Solar Project No Short-Term Energy Panacea For Nevada Office Of Military
CARSON CITY – Nevada’s Office of the Military figured it would be money ahead after entering into a contract with a firm to build solar panels on three of its sites around the state to supply it with electricity.
But today officials with the office won approval from the state Board of Examiners to seek $46,284 from a legislative contingency fund to pay excess utility costs. The reason is because the solar energy being provided under the contract is costing the agency more than if it purchased electricity directly from NV Energy.
The actual shortfall is $74,000 but budget savings are being used to help reduce the amount needed from the contingency fund.
Jennifer McEntee, administrative services officer for the agency, said the 20-year contract with Sierra Solar 1 charges 15 cents per kilowatt hour. Currently NV Energy is charging about 11 cents per kilowatt hour. At the time the contract was signed, NV Energy was charging 14.75 cents per kilowatt hour so it looked like a good deal.
The board, made up of Gov. Brian Sandoval, Attorney General Catherine Cortez Masto and Secretary of State Ross Miller, approved the request, which will now go to the Legislature’s Interim Finance Committee.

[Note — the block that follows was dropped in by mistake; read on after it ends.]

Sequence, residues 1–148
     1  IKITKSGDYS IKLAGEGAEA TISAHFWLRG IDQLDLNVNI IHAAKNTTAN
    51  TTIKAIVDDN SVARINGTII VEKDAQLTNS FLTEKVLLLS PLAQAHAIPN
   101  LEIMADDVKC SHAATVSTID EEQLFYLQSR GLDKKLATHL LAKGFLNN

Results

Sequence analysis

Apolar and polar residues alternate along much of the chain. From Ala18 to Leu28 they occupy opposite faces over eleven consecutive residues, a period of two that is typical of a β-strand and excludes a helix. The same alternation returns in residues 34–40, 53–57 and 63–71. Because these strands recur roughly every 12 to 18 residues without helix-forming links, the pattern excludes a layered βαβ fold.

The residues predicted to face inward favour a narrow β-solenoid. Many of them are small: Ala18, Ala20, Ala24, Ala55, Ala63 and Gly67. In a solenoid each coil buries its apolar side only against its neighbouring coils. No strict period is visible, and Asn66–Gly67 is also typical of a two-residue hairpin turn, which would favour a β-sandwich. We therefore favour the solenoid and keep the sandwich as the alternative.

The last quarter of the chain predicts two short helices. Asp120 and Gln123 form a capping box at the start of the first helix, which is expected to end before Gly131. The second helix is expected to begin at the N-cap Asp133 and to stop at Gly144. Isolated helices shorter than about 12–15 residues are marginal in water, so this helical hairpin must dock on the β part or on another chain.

State Budget Director Jeff Mohlenkamp also told the board that such contracts going forward are being reviewed carefully to ensure they make financial sense for the state.
“I can assure you that we are looking very carefully at the future awards that we give out,” he said.
Sandoval was told there is no interest in renegotiating the rate by the contractor although some concessions were made. The deal was approved before Sandoval was elected governor in December 2010, retroactive to September 2009.
“We actually spent probably about six months with representatives of Sierra Solar attempting to renegotiate,” said Lt. Col. Rick Blower. “Their position had always been that they have invested millions of dollars to build this system and that the income stream was what made it possible for them to build the project with their funds with no state funds or federal funds.”
Sandoval said after the meeting: “As I said we will be vigilant as we move forward to make sure we’re not in that position again.”
Lt. Col. Rick Blower says the agency got some concessions from the contractor:
But Blower says the company would not lower its charges:
Gov. Brian Sandoval says the state will make sure it is not placed in such a position again: